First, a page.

Full Disk Backup vs Data Backup

There are two distinct types of full-disk backups; one is a backup of every file on the disk, and the other is an image backup of your disk. The biggest difference comes at restore time. Lets take a few minutes and look at the advantages and disadvantages of the two types of full-disk backups and also data-only backups.

Disk Image Backup

Advantages: Can completely restore your entire hard drive in the event of a failure. Disk image backup software often provides a method for creating bootable media. This is the fastest way to get your computer back up and running after a catastrophic hard drive failure.

Disadvantages: Media requirements can be excessive, especially with the large hard drives that are available today. It can also be very difficult to keep your disk image backups current because of the time needed to backup the entire hard drive. However, some image backup software allows for the images to be updated incrementally. This saves time, but it can create multiple physical media sets that must be kept up with in order to do a complete restore. While restoring an entire disk image is an excellent recovery option when the disk drive itself fails, it is not so useful for recovering from a destroyed or stolen computer. Disk images need to be restored to the same or very similar computer hardware. If your computer needs to be replaced, it is highly unlikely that you will end up with the same hardware.

Full-Disk Backups

Advantages: Every file is backed up. Very little effort or expertise is needed when deciding what to backup.

Disadvantages: Media requirements can be excessive, especially with large hard drives. System files and program files are often in use or locked so that backing them up causes errors or other problems. Restoring of system files and program files is usually not recommended because components get out of sync causing unpredictable results.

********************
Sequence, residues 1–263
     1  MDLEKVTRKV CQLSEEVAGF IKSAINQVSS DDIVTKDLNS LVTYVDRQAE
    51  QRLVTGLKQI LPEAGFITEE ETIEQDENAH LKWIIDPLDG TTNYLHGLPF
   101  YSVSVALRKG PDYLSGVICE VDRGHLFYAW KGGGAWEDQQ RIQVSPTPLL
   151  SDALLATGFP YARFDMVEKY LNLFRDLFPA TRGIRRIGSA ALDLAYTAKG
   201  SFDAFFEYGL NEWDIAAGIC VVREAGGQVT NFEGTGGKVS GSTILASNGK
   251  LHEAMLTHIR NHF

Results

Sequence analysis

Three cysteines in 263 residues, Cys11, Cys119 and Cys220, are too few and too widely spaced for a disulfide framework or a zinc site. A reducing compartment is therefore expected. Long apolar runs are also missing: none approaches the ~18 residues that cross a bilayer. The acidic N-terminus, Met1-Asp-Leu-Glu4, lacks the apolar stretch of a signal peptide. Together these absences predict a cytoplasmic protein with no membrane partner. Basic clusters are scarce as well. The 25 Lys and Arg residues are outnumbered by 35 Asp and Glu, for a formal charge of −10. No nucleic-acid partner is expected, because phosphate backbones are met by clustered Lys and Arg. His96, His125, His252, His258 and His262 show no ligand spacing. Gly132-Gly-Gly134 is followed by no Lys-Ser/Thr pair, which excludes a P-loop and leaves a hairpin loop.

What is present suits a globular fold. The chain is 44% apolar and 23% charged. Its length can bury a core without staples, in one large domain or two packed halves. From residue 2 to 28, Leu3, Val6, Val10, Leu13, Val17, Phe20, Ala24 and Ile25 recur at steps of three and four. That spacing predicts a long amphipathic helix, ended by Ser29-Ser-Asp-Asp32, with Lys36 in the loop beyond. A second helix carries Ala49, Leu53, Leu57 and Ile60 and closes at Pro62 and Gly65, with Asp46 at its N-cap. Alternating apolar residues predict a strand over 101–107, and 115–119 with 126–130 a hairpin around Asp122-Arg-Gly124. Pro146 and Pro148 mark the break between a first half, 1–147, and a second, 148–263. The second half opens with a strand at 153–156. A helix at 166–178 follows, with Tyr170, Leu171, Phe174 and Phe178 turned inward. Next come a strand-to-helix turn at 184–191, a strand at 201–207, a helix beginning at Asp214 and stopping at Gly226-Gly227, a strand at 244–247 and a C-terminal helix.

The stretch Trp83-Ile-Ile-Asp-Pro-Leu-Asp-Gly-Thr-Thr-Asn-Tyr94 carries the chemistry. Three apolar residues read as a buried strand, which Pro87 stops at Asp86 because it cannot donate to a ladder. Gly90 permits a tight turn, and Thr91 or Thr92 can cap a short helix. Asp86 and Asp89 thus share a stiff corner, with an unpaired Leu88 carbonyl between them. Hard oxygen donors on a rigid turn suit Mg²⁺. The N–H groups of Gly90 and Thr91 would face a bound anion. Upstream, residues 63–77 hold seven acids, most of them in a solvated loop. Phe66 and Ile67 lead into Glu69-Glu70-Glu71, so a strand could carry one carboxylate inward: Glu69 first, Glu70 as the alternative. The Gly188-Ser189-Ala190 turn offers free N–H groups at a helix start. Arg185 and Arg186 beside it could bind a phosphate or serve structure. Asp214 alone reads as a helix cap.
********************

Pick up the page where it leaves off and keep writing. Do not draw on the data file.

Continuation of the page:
Data-Only Backups

Advantages: Significantly less media requirements. Faster than full-disk or image backups. Can be easily used to recover important data after replacing a hard drive or an entire computer.

Disadvantages: After a hard drive or computer replacement, the operating system and programs need to be reinstalled before the data backups can be used. The correct files must be selected for backup, however, this is less of a problem on modern operating system because the store documents in a common location by default (My Documents).


Both types of full-disk backups require significant media and therefor more time to create and keep updated. As a result, full-disk backups are usually not performed as often as data-only backups. In the event of a catastrophe, it is likely that the full-disk backup will be outdated, requiring more current data to be restored after the restoration of the disk itself. This multi-step process and additional effort required to make the backups and store them offsite defeats part of the purpose for using them in the first place.

Data-only backups are fast and can easily be completely automated and stored offsite with a good online backup service. Data-only backups require extra effort to reinstall the operating system and programs, but the result is usually a very clean and trouble free system after the recovery. If you are using data-only backups, be sure to keep copies of your operating system and software media in a place where you can access them in case of an emergency.

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